Gambella IDP camp
A young woman and a child displaced by fighting in South Sudan wait to be registered in the Kule 1 and 2 camps for internally displaced people at the Pagak border crossing in Gambela, Ethiopia, July 10, 2014. Zacharias Abubeker/AFP/Getty Images

Ethiopia’s army has encircled an area in neighboring South Sudan where it believes more than 100 abducted Ethiopian children are being held by armed militants. A government official in Ethiopia’s western Gambella region told local media late Wednesday the children would soon be rescued and reunited with their families. The Ethiopian children may have been kidnapped to be serve as workers.

There are also efforts to bring back the more than 2,000 cattle stolen by the armed group, according to Ethiopia’s government-affiliated Fana Broadcasting Corporate. The Ethiopian government has blamed members of South Sudan’s Murle tribe for the cross-border raid in Gambella last Friday, which left 208 people dead and dozens injured in 13 kebeles, or neighborhoods.

Cross-border raids are not unusual in the Horn of Africa country’s Gambella region, which is situated on the border with South Sudan. Ethnic communities in both nations have frequently clashed over land, livestock and resources such as grazing rights and water. The Murle tribe has been accused of stealing cattle as well as children to raise as their own during previous raids. Those targeted in the raid Friday were members of the Nuer ethnic group, who live in both Ethiopia and South Sudan, BBC News said.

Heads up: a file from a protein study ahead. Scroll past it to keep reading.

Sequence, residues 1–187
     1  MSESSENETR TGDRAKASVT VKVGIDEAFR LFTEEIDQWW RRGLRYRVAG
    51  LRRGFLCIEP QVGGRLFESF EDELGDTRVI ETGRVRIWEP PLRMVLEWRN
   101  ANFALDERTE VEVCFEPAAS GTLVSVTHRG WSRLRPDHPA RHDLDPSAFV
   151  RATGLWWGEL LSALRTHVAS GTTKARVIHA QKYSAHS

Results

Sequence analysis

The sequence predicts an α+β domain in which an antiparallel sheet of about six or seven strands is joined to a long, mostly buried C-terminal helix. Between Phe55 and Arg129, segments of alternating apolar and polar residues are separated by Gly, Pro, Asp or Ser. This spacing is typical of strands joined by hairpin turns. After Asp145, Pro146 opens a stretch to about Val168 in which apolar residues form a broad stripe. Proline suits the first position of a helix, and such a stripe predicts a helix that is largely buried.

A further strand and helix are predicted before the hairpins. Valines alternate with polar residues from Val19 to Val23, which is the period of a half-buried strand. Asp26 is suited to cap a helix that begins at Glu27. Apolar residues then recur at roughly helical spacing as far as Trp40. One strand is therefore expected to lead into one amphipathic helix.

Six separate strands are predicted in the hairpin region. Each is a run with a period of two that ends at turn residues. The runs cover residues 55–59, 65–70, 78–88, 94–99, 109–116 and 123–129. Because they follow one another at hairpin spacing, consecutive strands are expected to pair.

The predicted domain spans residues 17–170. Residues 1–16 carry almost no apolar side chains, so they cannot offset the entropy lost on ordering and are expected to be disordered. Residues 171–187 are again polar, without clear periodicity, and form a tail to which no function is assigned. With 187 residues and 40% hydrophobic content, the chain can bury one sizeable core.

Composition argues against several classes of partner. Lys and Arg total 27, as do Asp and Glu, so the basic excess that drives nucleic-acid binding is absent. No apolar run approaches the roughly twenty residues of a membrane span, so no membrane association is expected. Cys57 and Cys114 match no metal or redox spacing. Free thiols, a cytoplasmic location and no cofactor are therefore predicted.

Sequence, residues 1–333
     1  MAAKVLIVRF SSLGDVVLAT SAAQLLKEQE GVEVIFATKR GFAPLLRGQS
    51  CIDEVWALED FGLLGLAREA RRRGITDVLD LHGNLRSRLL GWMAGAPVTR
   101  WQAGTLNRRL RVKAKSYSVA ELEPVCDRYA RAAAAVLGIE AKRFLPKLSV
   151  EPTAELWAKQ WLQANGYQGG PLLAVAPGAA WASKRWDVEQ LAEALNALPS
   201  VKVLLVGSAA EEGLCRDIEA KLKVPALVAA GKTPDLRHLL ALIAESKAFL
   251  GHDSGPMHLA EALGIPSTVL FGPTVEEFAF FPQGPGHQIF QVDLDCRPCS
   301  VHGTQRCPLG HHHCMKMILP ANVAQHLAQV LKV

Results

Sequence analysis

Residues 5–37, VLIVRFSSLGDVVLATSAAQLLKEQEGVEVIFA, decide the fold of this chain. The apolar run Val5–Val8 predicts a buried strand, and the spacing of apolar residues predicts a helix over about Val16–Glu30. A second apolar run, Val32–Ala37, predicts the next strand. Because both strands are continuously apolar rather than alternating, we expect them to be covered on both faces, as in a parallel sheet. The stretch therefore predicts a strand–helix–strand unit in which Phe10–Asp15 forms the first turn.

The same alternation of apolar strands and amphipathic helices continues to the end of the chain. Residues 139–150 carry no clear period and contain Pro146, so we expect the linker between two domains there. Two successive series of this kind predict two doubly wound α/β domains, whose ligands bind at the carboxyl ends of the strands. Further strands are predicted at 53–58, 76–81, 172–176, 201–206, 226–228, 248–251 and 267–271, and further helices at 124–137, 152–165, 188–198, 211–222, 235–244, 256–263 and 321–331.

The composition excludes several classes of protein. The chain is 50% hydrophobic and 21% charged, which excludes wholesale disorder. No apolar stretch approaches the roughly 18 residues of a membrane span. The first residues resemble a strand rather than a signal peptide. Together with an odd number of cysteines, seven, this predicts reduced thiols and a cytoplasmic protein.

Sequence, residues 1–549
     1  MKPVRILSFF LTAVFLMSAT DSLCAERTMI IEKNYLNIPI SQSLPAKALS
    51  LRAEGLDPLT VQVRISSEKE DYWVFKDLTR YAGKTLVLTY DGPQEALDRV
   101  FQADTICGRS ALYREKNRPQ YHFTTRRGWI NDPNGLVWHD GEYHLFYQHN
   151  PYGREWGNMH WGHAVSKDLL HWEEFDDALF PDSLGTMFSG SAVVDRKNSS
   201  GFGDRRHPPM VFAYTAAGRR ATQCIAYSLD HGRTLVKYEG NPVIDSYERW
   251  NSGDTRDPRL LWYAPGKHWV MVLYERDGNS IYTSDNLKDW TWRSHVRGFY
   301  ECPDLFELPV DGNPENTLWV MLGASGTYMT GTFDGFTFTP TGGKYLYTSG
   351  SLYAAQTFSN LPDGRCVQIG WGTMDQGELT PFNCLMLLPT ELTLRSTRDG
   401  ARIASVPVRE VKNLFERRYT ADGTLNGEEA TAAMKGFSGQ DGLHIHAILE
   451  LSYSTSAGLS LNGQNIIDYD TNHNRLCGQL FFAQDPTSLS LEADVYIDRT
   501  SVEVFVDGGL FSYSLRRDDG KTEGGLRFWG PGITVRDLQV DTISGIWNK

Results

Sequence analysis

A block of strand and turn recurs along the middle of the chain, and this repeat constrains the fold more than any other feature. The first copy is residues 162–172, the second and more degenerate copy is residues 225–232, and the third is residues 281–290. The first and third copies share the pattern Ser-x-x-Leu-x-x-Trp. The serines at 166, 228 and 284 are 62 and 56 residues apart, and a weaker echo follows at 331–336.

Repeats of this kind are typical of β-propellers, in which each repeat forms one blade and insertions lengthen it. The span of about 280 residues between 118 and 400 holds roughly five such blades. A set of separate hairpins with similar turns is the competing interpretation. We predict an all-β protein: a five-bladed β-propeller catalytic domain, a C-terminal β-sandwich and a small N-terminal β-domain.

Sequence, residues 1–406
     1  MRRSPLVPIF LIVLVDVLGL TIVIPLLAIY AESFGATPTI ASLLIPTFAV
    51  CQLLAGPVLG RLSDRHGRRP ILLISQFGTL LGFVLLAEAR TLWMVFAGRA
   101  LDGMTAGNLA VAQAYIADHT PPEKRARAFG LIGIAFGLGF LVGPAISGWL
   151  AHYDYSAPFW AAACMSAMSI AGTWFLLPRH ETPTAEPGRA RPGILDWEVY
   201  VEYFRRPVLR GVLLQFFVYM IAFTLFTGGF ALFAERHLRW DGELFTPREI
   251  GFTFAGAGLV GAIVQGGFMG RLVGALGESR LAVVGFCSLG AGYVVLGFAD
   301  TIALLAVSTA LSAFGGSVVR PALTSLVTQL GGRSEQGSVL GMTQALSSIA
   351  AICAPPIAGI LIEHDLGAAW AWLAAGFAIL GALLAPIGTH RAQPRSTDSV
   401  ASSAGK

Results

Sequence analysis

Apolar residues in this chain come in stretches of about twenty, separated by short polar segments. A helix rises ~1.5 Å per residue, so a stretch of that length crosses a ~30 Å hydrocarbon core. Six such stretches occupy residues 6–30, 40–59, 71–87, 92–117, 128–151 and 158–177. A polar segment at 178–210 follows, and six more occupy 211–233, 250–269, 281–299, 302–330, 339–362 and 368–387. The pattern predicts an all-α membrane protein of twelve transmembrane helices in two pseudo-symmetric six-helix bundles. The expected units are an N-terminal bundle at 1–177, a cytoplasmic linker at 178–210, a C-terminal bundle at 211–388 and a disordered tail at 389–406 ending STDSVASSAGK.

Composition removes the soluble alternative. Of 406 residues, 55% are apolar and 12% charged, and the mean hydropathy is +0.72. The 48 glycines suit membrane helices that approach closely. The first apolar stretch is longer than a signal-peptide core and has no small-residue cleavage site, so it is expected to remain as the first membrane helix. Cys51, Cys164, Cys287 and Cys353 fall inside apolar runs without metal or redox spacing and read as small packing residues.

The Gambella region and a neighboring province host more than 284,000 South Sudanese refugees who fled deadly conflict in their country. The gunmen responsible for the raid Friday are not believed to have links with the South Sudanese military or the nation’s rebels, who fought the government in the capital of Juba in a civil war that ended with a peace accord signed last year, as Reuters reported.

Ethiopia’s communications minister, Getachew Reda, said his government had good relations with South Sudan and was calling on its neighboring country to help bring an end to the danger.

“We have to neutralize the threat, hold whoever perpetrated these heinous crimes to account,” Reda told CNN by phone Tuesday from Addis Ababa, the Ethiopian capital. “People have been displaced from their villages.”